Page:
24-year-old man arrested over attacks on Japan's girl group AKB48

TOKYO (AFP) - A 24-year-old unemployed man, identified as Satoru Umeta, has been arrested on suspicion of attempted murder after he attacked two teenaged members of a Japanese girl band.

The suspect told police "I attempted to kill people" and "I didn't care whom", Jiji Press reported on Monday, citing unnamed police sources.

Two members of Japanese girl group AKB48 were in hospital on Monday after being attacked by the man wielding a saw at one of the band's regular meet-the-fans events, managers said.

Rina Kawaei, 19, and Anna Iriyama, 18, both suffered broken bones in their right hands and received cuts on their arms and heads from the 50-centimetre saw at the event in Iwate in northern Japan.

Reports said the attack came after a mini-concert early Sunday afternoon as fans were lining up to shake hands with performers inside booths.

Kawaei and Iriyama were in the same booth when a man in the queue suddenly produced a saw, the Yomiuri daily said.

Fans told Japanese media they heard a shriek, apparently from one of the young women, saying "Stop it!"

Some of the 100 or so staff and security guards pounced on the attacker and held him until police arrived, reports said. A member of staff was also hurt in the melee.

One fan described how Kawaei was covered in blood when she was taken away by medics to a waiting ambulance.

Both girls were expected to be discharged from hospital on Tuesday, the band's management said.

Organisers said scheduled events in Tokyo and central Japan were being postponed.


AKB48 is part talent show, part pop act - a venture in which a pool of more than 100 girls and young women compete for a spot in the limelight with each new catchy but formulaic hit.

The group - one of the most successful acts of all time in monetary terms - is built on their accessibility to their legions of fans. They appear at regular events all over the country to shake hands and pose for pictures, as well as on social networking sites.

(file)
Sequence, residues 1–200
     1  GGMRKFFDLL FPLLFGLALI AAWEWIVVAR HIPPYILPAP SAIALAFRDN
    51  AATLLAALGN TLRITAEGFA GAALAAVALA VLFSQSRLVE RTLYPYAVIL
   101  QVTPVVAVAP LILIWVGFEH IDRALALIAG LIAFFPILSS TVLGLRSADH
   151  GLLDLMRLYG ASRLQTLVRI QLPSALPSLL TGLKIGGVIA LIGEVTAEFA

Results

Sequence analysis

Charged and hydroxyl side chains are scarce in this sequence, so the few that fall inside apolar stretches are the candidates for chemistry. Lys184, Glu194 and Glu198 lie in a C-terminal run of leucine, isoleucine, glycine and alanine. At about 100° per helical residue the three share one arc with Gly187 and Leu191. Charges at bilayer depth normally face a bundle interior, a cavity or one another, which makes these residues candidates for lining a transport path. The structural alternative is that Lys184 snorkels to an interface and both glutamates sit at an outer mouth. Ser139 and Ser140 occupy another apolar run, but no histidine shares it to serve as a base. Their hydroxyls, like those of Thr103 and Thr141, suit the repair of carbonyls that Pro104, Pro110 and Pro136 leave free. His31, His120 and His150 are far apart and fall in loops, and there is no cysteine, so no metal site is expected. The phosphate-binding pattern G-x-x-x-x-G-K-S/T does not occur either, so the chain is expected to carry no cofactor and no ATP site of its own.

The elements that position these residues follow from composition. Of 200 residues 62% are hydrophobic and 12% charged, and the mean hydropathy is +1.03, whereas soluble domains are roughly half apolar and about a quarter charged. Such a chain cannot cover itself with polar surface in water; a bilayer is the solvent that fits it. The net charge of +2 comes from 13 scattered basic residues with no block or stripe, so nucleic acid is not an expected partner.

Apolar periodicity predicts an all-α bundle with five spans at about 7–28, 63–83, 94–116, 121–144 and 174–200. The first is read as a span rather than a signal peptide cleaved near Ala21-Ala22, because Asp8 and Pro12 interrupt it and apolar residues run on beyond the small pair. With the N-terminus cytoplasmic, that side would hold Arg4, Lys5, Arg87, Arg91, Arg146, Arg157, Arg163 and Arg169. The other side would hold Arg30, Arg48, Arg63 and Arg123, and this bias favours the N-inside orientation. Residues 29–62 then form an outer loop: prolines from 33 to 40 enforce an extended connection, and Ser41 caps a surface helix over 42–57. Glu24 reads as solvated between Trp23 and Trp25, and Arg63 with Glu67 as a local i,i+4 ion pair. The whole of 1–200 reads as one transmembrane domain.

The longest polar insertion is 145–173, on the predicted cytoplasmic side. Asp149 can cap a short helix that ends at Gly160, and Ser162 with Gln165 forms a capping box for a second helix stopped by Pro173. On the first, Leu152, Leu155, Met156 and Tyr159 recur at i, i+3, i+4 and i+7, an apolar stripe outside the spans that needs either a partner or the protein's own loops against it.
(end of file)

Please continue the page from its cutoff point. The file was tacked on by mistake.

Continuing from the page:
Fans are given around seven seconds to pose with their idols, the Yomiuri reported Monday, before they are moved along.

Members must strive constantly for popularity if they wish to retain their spot, and girls who contravene strict rules - such as having boyfriends - are punished by being dropped back into the general talent pool.

Line-up changes often sound the death-knell for musical acts. But the frequent rotation of AKB's members is key to keeping them at the top of their game in Japan's fickle pop scene.

Fans are currently voting for the girl they want to lead the collective for the next year, using ballot slips only available with the purchase of their newest single. The results will be announced in a nationally televised extravaganza on June 7.

There was a mixture of anger and anguish among fans after the attack, with some questioning why their idols were not better protected.

"What were the organisers doing?" demanded a 21-year-old student.

"I pray that the three people will be in good health again soon... and the two group members will show us soon they are in good shape," wrote another fan on an Internet forum, who said his name was "Yamasan".

"I also hope for a strengthening of security checks such as by introducing a metal detector," he said.

A 17-year-old who visited the group's theatre in Tokyo's busy Akihabara district - from which are derived the letters AKB - told the Yomiuri: "I'm very worried about my favourite member who was hurt.

"I don't understand why anyone would do such a thing," he said.

Violent crime is rare in Japan. Carrying a blade without reason - even a pair of scissors, a box-cutter or a survival knife - is banned, while possession of guns is strictly limited to licensed hunters.

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